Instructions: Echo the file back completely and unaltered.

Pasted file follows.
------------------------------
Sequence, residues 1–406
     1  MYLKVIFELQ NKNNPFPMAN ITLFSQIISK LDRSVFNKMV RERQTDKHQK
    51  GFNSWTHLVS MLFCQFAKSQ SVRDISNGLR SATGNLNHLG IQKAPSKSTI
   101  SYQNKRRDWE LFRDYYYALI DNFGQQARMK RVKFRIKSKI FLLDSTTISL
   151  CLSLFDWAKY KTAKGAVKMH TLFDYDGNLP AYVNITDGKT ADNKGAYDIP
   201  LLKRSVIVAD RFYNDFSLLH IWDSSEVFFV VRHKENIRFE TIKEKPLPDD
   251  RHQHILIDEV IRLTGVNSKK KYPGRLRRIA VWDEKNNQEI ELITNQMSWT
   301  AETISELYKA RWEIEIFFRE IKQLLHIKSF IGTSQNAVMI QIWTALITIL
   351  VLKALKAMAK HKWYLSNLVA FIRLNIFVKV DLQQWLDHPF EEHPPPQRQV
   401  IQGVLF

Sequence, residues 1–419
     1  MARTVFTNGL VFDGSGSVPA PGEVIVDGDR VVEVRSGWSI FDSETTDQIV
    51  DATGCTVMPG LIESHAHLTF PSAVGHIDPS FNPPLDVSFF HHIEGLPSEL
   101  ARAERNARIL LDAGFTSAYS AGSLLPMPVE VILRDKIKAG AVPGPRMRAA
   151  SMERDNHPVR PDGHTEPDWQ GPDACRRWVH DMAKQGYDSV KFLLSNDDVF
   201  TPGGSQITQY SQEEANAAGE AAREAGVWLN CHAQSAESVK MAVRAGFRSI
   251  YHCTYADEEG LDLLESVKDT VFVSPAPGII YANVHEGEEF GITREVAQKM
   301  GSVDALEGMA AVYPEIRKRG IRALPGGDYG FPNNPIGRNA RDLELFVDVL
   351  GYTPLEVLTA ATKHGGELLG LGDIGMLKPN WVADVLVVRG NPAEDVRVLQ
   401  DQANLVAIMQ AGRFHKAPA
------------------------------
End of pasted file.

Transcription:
Sequence, residues 1–406
     1  MYLKVIFELQ NKNNPFPMAN ITLFSQIISK LDRSVFNKMV RERQTDKHQK
    51  GFNSWTHLVS MLFCQFAKSQ SVRDISNGLR SATGNLNHLG IQKAPSKSTI
   101  SYQNKRRDWE LFRDYYYALI DNFGQQARMK RVKFRIKSKI FLLDSTTISL
   151  CLSLFDWAKY KTAKGAVKMH TLFDYDGNLP AYVNITDGKT ADNKGAYDIP
   201  LLKRSVIVAD RFYNDFSLLH IWDSSEVFFV VRHKENIRFE TIKEKPLPDD
   251  RHQHILIDEV IRLTGVNSKK KYPGRLRRIA VWDEKNNQEI ELITNQMSWT
   301  AETISELYKA RWEIEIFFRE IKQLLHIKSF IGTSQNAVMI QIWTALITIL
   351  VLKALKAMAK HKWYLSNLVA FIRLNIFVKV DLQQWLDHPF EEHPPPQRQV
   401  IQGVLF

Sequence, residues 1–419
     1  MARTVFTNGL VFDGSGSVPA PGEVIVDGDR VVEVRSGWSI FDSETTDQIV
    51  DATGCTVMPG LIESHAHLTF PSAVGHIDPS FNPPLDVSFF HHIEGLPSEL
   101  ARAERNARIL LDAGFTSAYS AGSLLPMPVE VILRDKIKAG AVPGPRMRAA
   151  SMERDNHPVR PDGHTEPDWQ GPDACRRWVH DMAKQGYDSV KFLLSNDDVF
   201  TPGGSQITQY SQEEANAAGE AAREAGVWLN CHAQSAESVK MAVRAGFRSI
   251  YHCTYADEEG LDLLESVKDT VFVSPAPGII YANVHEGEEF GITREVAQKM
   301  GSVDALEGMA AVYPEIRKRG IRALPGGDYG FPNNPIGRNA RDLELFVDVL
   351  GYTPLEVLTA ATKHGGELLG LGDIGMLKPN WVADVLVVRG NPAEDVRVLQ
   401  DQANLVAIMQ AGRFHKAPA